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Statistics Data release – new North Island seat proposed

Written By: - Date published: 11:27 am, October 7th, 2013 - 16 comments
Categories: election 2014, electoral commission - Tags:

The census night population data result has now been released.  There will be one new electorate in the North Island, the number of South Island seats is set by law at 16 and the number of Maori electorates will remain at 7.  Overall the population increased by 214,000 but faster growth in the North Island has resulted in the extra seat.

Now begins the difficult job of positioning the seat and the changes will be felt mostly in Auckland, particularly in the seats of New Lynn and Maungakiekie.  Both seats occupy pinch points in the istmus and the change of boundaries is particularly pronounced there.

Auckland Central, Epsom, Mt Albert and Tamaki are likely to contract and New Lynn may lose the Titirangi to Whatipu strip to Waitakere.

Further south Papakura is likely to contract and shed some of its rural area.  Judith Collins majority would be threatened if this was the case.  It is also likely that Manurewa will be affected.

Overall the reshuffling will be pronounced and Auckland MPs will all keenly await the draft boundary changes.

UPDATE:  A closer look at the figures suggests that the new seat can be squeezed into the Auckland region from between Rodney to the North and Hunua to the South.  Auckland Central will contract rather dramatically as it is 10,675 over quota.  Hunua and Helensville will also have to contract in size so there could be a new Istmus seat.

16 comments on “Statistics Data release – new North Island seat proposed ”

  1. Tamati 1

    It will be interesting to see if the Greens really push for a seat this election. Obviously it’s the party vote that counts, but having a strong local member could help them really push up their vote into the 30s and even 40s in the electorate they hold. A new electorate in Auckland’s inner suburbs could be a viable target, it all depends where the lines are drawn.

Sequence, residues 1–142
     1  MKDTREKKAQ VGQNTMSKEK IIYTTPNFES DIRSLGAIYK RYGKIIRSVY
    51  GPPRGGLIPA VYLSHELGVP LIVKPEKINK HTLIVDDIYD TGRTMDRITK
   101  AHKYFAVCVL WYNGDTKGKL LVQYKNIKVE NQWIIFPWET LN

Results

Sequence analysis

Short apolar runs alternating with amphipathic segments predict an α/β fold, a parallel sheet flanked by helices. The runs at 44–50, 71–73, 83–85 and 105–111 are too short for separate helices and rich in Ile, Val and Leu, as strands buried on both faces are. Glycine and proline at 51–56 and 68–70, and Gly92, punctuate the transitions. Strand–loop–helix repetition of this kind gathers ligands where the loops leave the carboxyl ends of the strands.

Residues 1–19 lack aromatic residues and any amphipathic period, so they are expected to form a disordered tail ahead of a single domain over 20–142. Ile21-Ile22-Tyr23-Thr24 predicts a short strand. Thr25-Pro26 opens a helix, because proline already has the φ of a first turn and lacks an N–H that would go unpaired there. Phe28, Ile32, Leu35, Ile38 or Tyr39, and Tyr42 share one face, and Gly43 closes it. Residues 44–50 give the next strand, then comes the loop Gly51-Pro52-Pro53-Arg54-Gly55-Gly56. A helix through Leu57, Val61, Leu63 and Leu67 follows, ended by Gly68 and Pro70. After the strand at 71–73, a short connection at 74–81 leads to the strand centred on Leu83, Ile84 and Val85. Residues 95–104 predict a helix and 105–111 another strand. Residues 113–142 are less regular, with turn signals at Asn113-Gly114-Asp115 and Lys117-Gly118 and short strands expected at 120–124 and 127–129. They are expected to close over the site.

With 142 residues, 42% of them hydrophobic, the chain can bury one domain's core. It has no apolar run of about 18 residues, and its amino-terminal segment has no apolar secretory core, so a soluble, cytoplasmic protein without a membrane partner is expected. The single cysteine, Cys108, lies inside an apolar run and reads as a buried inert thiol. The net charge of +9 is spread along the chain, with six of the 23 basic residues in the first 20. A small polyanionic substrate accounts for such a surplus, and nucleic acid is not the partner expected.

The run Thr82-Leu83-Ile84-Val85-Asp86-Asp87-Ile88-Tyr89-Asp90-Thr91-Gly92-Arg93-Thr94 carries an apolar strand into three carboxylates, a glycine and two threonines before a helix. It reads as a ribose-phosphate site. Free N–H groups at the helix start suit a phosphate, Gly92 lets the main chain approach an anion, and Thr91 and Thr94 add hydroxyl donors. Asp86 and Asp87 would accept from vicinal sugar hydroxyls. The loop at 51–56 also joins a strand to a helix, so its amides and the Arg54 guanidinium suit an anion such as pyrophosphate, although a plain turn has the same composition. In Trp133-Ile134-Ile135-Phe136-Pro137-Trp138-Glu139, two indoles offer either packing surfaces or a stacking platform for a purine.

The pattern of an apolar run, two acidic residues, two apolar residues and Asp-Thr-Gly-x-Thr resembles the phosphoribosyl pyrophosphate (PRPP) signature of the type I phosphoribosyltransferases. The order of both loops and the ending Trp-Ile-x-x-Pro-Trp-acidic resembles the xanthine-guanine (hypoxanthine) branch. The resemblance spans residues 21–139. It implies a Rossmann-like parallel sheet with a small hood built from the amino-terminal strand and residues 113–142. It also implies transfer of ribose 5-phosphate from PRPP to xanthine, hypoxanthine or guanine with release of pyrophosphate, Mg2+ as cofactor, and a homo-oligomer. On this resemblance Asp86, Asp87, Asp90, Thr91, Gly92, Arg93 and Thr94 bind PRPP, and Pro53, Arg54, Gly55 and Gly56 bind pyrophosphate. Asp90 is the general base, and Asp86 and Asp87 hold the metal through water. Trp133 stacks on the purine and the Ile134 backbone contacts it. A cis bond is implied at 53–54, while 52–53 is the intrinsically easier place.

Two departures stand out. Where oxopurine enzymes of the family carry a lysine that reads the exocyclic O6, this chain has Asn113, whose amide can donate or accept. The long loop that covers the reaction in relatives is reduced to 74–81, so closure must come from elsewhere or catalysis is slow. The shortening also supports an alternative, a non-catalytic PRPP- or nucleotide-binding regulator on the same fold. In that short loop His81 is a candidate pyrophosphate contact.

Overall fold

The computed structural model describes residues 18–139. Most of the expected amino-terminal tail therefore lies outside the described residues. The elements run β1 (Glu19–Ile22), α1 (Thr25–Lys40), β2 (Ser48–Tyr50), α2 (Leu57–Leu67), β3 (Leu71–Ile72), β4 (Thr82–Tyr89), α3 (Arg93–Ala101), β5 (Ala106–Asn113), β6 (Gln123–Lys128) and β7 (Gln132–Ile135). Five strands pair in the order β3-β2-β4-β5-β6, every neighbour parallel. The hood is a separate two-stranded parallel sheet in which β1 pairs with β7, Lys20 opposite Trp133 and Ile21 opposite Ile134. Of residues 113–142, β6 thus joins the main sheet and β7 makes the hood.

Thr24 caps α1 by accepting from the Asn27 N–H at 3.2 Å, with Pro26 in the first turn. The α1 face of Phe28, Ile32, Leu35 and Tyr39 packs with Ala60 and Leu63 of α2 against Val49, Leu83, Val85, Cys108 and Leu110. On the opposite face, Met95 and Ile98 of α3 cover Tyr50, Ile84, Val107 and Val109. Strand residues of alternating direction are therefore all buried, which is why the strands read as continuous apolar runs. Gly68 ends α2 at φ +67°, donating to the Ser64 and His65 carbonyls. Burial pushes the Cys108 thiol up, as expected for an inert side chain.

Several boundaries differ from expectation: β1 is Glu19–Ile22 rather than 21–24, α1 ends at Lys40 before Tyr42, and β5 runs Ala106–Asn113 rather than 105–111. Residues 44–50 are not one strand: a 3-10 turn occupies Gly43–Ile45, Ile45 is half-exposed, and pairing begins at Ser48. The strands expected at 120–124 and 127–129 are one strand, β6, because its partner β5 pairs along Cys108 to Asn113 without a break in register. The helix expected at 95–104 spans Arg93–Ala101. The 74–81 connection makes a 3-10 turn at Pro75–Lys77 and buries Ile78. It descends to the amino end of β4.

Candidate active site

• Naturesong 1.1

      ” .. it all depends where the lines are drawn”

      Thankfully with MMP any gerrymandering gets offset by the party vote.

      Reducing the temptation to corrupt the process of drawing up electorate bountries is one of the main advantages of MMP that doesn’t get mentioned often.

      That said, I’m sure the National party sees this as an opportunity and is hard at work figuring out how to subvert democracy.

      The Greens party list process is robust and produced excellent MP’s (apart from one MP who seems to suffer from foot ‘n mouth) for the current term so getting an electoral seat would be icing.

      • Tamati 1.1.1

        Gerrymandering is an awful practise. Just look at the congressional boundaries of Texas or Pennsylvania if you want to see an example. It is arguably the root cause of the current hyper-partisanism in the US right now.

        I think however the Greens could actually move to being a more mainstream party and really cement themselves as a party of governance if they could pick up an electorate or two. Being a local member enables an MP to interact with a community in ways a list MP can’t.